The report notes that average annual growth in gross domestic product (GDP), for developing countries as a whole, rose from 2.3 per cent in the 1980s to
4.5 per cent between 1991 and 2000, mainly due to strong growth in East and South Asia. Overall economic performance in Africa was only marginally better in the 1990s than it was in the 1980s.
Several developing regions, particularly sub-Saharan Africa, were slowed by stagnant industrialization, the report observes. While the share of developing countries in world exports of manufactured goods rose from 17 per cent in 1990 to 27 per cent in 2000, Africa’s share dropped from 5 per cent in 1990 to 3 per cent in 2000.
A further hindrance to development, the report says, was the drop in net resource flows from $206.9 billion in 1996 -- the year before the Asian financial crisis -- to $12.2 billion in 2000, mainly due to a decrease in bank lending. Moreover, official development assistance (ODA) from countries of the Organisation for Economic Cooperation and Development (OECD) had plummeted to $54 billion by the end of 2000, 0.22 per cent of the donors' combined gross national income. While bank lending and ODA decreased, Foreign Direct Investment (FDI) increased from $35 billion to $178 billion in 2000, becoming the single most important capital flow in the 1990s.
Such mixed economic indicators led to varied social impacts, according to the report. The proportion of people worldwide living on less than a dollar a day dropped from 29 per cent in 1990 to 23 per cent in 1999, mainly due to improvements in East and South Asia. In Africa and Latin America and the Caribbean, the percentage of people living in extreme poverty declined only marginally, and the number of people living below the poverty line increased.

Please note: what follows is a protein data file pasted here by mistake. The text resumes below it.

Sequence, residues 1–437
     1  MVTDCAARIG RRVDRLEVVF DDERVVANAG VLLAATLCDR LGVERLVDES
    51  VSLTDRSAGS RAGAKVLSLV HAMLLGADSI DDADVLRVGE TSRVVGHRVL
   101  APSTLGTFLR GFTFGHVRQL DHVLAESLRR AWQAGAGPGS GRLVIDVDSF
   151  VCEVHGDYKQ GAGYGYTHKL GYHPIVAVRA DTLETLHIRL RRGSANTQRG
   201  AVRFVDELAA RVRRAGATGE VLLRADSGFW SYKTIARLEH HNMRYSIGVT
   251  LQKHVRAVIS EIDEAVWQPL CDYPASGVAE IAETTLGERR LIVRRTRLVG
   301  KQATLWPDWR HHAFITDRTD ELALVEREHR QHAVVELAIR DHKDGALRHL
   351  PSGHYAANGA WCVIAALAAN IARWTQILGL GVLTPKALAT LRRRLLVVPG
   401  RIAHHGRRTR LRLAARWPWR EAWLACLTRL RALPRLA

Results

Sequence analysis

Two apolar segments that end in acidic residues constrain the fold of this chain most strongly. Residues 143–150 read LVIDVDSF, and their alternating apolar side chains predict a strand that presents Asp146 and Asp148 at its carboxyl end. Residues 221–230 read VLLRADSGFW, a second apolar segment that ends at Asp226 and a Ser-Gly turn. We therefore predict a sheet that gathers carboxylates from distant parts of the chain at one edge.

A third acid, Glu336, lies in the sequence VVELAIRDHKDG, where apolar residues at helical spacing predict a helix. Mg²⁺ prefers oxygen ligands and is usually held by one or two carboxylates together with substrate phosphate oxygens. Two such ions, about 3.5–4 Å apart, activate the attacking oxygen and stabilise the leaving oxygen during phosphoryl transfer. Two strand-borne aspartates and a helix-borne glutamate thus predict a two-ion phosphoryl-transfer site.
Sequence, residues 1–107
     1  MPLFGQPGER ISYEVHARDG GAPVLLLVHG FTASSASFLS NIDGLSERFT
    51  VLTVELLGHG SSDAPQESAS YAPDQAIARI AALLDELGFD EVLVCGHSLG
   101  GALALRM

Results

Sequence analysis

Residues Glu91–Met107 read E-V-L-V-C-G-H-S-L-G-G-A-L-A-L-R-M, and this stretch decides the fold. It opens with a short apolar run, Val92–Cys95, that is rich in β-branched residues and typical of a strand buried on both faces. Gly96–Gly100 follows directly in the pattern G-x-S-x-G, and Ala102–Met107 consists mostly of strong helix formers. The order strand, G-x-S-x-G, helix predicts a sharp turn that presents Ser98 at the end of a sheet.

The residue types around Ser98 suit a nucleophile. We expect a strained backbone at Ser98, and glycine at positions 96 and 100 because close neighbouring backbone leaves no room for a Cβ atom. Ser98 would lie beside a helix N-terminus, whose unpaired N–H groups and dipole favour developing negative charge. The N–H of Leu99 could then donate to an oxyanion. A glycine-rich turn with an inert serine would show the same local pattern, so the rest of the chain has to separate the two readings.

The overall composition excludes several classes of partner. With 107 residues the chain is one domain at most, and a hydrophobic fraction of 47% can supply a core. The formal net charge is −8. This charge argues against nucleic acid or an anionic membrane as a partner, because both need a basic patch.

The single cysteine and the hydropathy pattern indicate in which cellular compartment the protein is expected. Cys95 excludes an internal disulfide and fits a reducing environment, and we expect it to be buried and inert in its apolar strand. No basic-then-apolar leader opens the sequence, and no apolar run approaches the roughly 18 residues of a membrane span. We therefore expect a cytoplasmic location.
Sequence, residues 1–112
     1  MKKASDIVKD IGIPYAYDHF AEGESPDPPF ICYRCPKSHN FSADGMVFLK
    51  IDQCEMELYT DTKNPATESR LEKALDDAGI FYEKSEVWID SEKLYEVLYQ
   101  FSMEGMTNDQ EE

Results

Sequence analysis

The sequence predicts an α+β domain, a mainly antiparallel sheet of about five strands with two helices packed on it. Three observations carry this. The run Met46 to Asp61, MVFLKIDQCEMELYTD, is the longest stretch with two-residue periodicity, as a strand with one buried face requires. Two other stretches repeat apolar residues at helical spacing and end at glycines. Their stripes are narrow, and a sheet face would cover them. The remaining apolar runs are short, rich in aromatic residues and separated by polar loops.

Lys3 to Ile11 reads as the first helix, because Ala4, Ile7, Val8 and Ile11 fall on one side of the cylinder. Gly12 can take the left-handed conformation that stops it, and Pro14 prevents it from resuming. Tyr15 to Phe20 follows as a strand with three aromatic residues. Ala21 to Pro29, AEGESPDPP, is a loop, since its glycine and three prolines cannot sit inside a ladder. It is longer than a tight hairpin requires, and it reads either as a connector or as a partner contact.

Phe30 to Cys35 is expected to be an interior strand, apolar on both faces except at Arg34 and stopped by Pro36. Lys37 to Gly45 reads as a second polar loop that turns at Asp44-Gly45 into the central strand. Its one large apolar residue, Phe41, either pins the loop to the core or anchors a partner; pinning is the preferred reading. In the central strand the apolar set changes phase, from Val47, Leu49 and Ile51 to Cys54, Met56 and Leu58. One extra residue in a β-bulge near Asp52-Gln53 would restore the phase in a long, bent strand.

The report says that the percentage of the world's population with improved water sources increased from 77 per cent in 1990 to 82 per cent in 2000, but about 1.1 billion people still had no safe drinking water. Adult illiteracy in developing countries as a whole declined from 33 to 26 per cent by 2000, which still left 880 million illiterate adults in the world, two-thirds of whom were women.
Turning specifically to the Least Developed Countries (LDCs), the report states that their average annual growth rate during the 1990s was 3.1 per cent, compared to 2.3 per cent in the 1980s. While their share of world merchandise exports has been small, growth in the value of that share outpaced that of the total world merchandise trade for two consecutive years, in 1999 and 2000.
However, the report states, long-term capital flows into LDCs dropped during the 1990s. The countries as a group received $4.5 billion in FDI by 2000, which was concentrated in five countries that are rich in petroleum or minerals. LDCs in sub-Saharan Africa continued to have problems attracting FDI due to poor infrastructure, political uncertainty, small markets and an unattractive investment climate.